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Record Review - 4 December 19 2001

New York's Aesop Rock isn't on any kind of mission. In fact, on "Save Yourself," he advises, "The next time you wanna be a hero/Try saving something other than hip-hop/And maybe hip-hop will save you from the pit stop."

It's practical advice from a practical MC — and the utilitarian feel doesn't stop there. Labor Days boasts production that, even at its most cleanly delineated, feels lo-fi, washed-out and gray. The sound keeps it real, and even better, it makes things intriguing. The stand-up bass, congas and post-Coltrane alto-sax loop of "Battery" feel jazzy without drifting into boho boredom, while the pizzicato strings on "Flashflood" and "No Regrets" feel simultaneously grimy and elegant without turning into a post-RZA cliche.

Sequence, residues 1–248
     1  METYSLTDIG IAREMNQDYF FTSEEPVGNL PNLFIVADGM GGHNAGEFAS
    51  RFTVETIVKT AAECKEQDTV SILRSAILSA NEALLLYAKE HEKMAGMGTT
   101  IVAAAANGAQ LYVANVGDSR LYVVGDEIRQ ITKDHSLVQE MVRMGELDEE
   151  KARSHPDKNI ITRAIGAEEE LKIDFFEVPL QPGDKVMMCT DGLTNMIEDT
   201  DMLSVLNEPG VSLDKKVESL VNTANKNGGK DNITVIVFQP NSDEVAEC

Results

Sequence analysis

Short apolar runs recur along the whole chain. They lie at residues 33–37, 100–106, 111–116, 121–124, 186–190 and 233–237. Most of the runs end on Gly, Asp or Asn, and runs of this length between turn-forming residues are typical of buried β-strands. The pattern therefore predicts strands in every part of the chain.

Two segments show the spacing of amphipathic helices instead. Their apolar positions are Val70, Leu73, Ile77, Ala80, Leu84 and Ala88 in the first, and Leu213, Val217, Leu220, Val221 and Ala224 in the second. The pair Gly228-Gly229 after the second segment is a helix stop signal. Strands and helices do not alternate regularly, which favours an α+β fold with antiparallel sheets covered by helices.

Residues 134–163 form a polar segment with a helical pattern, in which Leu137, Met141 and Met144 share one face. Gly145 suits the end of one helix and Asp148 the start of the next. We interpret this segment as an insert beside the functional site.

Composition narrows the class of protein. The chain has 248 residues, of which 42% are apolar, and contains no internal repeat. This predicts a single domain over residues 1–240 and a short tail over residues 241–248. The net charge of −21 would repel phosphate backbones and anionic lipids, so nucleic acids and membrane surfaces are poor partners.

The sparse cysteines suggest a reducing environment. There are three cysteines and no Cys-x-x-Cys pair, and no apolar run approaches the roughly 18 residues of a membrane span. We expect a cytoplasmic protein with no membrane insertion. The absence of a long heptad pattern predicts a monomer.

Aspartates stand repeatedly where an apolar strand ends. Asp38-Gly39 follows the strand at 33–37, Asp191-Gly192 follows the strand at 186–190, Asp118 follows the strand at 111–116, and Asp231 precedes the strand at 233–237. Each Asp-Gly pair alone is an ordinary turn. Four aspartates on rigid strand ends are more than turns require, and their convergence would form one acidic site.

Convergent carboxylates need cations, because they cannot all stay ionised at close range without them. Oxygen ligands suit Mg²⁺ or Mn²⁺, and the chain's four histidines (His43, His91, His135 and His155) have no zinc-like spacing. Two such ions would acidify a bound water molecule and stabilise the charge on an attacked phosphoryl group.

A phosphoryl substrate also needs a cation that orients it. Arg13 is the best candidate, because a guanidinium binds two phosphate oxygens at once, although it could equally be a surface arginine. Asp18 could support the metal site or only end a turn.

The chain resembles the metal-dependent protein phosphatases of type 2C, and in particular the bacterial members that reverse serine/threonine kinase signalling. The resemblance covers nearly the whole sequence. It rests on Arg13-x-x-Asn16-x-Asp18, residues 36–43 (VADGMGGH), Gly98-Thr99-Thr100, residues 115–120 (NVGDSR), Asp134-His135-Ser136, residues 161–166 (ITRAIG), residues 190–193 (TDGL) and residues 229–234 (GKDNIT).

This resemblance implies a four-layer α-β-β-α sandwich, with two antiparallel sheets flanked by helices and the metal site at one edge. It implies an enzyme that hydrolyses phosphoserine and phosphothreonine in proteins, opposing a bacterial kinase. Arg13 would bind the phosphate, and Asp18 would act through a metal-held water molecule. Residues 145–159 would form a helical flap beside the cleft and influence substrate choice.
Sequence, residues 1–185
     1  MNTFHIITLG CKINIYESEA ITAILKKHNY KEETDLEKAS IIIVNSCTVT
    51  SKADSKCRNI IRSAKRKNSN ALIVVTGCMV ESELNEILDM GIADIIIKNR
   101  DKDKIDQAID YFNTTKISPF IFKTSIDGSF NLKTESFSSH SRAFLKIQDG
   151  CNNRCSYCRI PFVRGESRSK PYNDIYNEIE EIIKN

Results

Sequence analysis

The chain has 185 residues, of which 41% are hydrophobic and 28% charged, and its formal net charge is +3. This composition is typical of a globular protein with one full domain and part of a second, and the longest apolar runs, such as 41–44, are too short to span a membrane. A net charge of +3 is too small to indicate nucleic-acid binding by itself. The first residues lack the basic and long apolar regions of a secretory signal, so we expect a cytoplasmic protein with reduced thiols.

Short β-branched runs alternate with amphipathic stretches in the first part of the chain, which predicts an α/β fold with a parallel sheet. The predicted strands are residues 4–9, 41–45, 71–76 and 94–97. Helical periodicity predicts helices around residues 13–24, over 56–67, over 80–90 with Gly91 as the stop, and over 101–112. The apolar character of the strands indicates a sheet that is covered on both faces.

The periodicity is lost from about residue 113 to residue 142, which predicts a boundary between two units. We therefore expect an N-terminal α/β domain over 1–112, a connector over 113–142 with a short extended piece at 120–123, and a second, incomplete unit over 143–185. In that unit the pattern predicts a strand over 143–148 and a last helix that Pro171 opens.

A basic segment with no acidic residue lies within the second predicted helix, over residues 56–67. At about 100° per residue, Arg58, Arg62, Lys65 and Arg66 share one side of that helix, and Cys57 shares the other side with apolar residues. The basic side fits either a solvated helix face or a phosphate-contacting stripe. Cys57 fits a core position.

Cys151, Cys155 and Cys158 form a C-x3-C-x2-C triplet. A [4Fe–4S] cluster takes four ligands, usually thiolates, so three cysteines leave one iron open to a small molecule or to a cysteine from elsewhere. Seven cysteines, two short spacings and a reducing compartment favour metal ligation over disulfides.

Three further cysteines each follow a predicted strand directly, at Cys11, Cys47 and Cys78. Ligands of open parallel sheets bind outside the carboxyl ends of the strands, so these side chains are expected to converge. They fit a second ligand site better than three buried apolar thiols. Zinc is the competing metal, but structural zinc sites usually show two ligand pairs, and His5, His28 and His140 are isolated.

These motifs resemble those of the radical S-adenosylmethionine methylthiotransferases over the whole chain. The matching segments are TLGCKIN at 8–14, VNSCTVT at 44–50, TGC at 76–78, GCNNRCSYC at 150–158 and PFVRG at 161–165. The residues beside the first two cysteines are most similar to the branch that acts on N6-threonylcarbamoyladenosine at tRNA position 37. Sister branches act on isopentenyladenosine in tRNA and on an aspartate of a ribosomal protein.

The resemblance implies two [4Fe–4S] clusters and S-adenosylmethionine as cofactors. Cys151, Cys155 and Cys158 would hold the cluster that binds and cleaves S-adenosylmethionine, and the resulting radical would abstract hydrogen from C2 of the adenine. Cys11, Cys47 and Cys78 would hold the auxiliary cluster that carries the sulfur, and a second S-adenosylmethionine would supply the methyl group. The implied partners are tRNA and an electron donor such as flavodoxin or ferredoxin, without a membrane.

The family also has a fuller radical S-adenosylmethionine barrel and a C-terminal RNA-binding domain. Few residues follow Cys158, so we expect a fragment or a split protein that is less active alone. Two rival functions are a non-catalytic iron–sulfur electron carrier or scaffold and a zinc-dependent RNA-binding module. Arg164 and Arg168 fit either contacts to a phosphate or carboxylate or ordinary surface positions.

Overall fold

On Aesop's Float release from last year, the rhymes don't simply bob willfully along in the background. Dude's got a lot to say here, from "9-5ers Anthem" ("We may not hate our jobs/We hate jobs in general that don't have to do with fighting our own causes") to "Daylight's" declaration that "life is not a bitch/ Life is a beautiful woman/You just call her a bitch because she won't let you get that pussy."

On "Tugboat Complex Pt. 3," Rock laments, "You'll probably never hear this song/Much less sit still long enough to listen." But he's not complaining. He's challenging you to try. And he gives you plenty of reasons to bother.??